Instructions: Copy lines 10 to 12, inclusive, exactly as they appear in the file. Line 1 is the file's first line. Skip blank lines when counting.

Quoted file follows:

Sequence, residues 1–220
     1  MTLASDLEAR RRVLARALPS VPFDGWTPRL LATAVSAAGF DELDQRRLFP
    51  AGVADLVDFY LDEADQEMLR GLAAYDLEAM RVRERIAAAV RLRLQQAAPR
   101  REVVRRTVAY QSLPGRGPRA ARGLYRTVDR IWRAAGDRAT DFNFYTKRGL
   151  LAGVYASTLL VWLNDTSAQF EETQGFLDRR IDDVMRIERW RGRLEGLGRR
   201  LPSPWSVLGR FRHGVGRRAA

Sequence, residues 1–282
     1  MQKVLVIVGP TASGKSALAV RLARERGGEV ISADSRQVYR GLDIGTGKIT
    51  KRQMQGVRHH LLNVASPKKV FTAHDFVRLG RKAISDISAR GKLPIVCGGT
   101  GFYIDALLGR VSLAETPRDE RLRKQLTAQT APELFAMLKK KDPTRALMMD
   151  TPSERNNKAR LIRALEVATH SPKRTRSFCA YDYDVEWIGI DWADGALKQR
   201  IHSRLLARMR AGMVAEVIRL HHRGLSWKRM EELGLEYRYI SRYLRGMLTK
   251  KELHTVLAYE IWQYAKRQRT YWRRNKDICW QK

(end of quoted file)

   101  GFYIDALLGR VSLAETPRDE RLRKQLTAQT APELFAMLKK KDPTRALMMD
   151  TPSERNNKAR LIRALEVATH SPKRTRSFCA YDYDVEWIGI DWADGALKQR
   201  IHSRLLARMR AGMVAEVIRL HHRGLSWKRM EELGLEYRYI SRYLRGMLTK